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Time to change how we sell and buy property

It still amazes me how archaic the system is for conveyancing of residential property in this country.

The whole system is screaming out for reform and unfortunately the stakeholders that have interest in this market seem very reluctant to take any steps in an effort to improve the system and make it far more consumer friendly.


The following aspects of the process continue to frustrate me.


The old fashion and wholly unnecessary terminology used within conveyancing and documents and transfers. It is a wonder how anybody including lawyers can understand some of the clauses that I have come across. There is a need for these documents to be written in plain English and structured in such a way that they are easy to follow. Those working within the commercial contract sector should be brought into help to bring residential conveyancing documentation into the 21st Century.


The significant difference in approach adopted by conveyancers spread around the country. Some belong to local protocols others belong to national protocols and we also have the Law Society protocol that is often cited. Why on earth can we not all operate under the same protocol and why has the Law Society allowed this crazy situation to continue for so long?


The same applies to Contracts. I come across so many variations for the standard conditions of sale and just do not understand why the terms and conditions cannot be the same for each transaction unless of course it is a leasehold or other common variation.


The endless pre contract enquiries that are sent out. Surely again questions about the title, about the search results could be cut down and the onus put on the seller to complete standard enquiries as part of the contract pack.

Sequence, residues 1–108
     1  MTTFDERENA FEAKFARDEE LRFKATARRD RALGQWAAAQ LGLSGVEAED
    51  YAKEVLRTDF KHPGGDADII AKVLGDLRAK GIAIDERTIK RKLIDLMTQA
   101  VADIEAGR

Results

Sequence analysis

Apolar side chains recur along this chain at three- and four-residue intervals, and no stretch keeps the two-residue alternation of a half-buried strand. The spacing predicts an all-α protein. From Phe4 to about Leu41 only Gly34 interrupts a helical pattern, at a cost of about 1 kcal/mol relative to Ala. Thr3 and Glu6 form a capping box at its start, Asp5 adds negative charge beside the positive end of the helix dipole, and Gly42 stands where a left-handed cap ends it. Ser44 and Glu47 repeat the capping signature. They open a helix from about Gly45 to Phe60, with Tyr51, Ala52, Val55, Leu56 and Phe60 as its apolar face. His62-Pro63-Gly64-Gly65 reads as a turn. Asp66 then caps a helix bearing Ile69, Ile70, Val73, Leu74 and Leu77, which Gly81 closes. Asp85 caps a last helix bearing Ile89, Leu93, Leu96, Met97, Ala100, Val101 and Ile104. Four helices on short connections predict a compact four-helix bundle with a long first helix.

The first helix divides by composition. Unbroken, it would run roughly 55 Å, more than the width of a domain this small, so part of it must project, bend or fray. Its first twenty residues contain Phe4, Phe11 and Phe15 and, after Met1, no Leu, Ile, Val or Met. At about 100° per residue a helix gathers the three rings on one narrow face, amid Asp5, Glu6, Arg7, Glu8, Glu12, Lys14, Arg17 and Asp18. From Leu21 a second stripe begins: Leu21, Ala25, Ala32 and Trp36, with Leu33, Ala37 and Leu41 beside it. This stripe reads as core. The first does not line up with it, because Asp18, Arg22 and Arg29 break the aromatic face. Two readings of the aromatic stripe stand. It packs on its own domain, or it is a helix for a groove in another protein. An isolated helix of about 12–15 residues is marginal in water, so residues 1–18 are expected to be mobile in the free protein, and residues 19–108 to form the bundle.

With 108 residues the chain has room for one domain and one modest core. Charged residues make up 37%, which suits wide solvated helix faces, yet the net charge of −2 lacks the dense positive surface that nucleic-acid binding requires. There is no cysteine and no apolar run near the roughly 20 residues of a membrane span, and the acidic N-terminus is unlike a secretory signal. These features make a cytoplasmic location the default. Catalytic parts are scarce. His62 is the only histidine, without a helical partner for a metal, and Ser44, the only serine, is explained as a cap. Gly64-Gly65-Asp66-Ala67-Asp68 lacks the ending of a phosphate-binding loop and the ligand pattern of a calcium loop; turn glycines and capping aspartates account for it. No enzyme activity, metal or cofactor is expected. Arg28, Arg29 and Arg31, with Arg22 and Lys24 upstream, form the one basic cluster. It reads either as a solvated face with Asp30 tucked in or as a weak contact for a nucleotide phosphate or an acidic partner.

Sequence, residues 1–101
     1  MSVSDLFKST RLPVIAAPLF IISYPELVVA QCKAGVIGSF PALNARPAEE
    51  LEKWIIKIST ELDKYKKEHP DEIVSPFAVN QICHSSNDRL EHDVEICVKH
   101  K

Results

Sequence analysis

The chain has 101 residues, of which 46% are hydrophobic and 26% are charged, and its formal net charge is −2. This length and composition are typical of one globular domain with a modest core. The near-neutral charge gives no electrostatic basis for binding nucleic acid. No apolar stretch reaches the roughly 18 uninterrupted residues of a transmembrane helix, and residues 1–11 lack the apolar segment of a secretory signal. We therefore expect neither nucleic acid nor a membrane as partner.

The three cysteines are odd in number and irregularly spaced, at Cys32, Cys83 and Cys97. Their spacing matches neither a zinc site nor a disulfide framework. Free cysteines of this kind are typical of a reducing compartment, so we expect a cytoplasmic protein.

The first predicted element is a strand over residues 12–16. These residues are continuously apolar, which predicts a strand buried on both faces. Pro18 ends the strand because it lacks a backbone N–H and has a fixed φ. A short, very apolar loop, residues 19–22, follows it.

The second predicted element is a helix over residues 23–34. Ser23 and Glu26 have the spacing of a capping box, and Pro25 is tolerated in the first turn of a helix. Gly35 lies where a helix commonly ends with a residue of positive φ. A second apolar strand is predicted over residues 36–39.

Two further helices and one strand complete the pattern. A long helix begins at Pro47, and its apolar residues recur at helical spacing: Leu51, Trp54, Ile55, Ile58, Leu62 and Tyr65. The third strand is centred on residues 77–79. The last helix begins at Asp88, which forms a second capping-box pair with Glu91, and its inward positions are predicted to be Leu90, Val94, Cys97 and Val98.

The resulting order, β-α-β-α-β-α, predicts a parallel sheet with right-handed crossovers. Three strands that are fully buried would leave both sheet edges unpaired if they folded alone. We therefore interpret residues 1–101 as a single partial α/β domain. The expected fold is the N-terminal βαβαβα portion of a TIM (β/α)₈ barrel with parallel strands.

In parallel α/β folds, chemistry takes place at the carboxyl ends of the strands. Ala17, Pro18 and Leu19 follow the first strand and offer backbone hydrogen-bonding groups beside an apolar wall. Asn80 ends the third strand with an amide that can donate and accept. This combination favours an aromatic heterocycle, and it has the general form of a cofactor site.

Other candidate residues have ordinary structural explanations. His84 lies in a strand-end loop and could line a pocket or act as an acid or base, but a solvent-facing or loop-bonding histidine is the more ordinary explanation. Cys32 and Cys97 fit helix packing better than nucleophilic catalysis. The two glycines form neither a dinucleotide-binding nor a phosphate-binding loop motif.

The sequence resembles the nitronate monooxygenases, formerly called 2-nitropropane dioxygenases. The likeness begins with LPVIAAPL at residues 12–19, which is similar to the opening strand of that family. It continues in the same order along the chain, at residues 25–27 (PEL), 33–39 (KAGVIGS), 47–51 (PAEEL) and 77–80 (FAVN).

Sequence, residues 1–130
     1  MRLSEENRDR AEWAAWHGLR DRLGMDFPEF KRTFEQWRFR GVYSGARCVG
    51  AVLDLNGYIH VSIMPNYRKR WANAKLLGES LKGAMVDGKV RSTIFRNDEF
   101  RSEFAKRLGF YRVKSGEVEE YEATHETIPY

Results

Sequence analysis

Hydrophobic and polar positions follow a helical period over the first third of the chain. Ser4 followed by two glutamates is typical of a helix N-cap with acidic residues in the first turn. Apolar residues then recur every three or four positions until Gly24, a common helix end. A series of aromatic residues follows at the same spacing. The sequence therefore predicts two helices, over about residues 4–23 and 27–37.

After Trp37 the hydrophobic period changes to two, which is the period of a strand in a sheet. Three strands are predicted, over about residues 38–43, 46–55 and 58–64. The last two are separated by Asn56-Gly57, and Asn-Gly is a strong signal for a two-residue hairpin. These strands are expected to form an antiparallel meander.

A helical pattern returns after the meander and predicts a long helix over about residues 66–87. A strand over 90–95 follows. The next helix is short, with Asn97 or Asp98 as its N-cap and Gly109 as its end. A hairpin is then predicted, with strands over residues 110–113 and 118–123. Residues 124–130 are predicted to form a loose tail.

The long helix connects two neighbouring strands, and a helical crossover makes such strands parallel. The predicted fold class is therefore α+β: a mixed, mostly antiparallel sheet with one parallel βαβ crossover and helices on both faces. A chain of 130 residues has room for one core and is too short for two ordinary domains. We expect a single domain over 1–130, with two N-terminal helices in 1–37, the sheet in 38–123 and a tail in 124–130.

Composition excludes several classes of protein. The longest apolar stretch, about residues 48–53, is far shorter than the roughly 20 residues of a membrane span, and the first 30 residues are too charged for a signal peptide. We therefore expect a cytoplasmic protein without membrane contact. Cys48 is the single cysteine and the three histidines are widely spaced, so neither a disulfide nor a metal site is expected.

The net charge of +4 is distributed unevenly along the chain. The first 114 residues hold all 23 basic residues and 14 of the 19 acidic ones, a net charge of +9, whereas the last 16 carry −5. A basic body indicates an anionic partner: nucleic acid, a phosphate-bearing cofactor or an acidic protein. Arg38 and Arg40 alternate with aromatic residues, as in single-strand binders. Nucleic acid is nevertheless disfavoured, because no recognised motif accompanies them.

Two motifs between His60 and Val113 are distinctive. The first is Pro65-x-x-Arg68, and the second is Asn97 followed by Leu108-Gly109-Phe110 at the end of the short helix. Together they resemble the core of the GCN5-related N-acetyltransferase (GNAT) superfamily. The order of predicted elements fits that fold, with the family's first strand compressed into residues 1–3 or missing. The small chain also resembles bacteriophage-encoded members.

There must exist a simpler process and one that would make it far less expensive and a lot quicker for the consumer. It amazes me that the Law Society has never attempted as far as I am aware to put pressure on the government to look at this area of law and to put forward proposal for reform. It is difficult I know to set out rules when a lot of the practicalities rest on completion dates, mortgage offers etc but surely something can be done and done very quickly to uniform the documentation and make the process a lot simpler and easy to follow.

I just wonder whether solicitors have  a vested interest in creating the illusion that there is far more involved in the conveyancing transaction then there really is so as to justify their fees.

Having said that bearing in mind how low fees are now I doubt that this observation could be regarded as valid. If anything the fact that the fee scales have come down makes it even more important for the process to be simplified and made quicker.

I do not profess to have the answers but I am more than happy to be involved in finding a solution. The Labour government have the courage to introduce home information packs and although the legislation was flawed it did at least present an attempt to make the process quicker and indeed succeeded to a certain extent in speeding up the transaction.

I still find it incredible that the last set of real reform  made to the conveyancing process  happened  back in 1925.

The new Law Society Quality Conveyancing Scheme is designed as I understand to improve standards within the profession and although I still have reservations as to whether it will achieve its desired objective, it does anger me to think that so much time has been put in to putting the scheme when the resources might have been better diverted into reviewing and putting together proposals for the long overdue reform to our residential conveyancing process.
Morgan Jones and Pett are solicitors who provide legal advice and services to clients based in England and Wales and who can be contacted on 01603877000 or via email at davidpett@m-j-p.co.uk

Comments

You can buy all the properties you want, after all, those acquired properties are great investments. You just have to be sure that you patronize only properties with clean papers.

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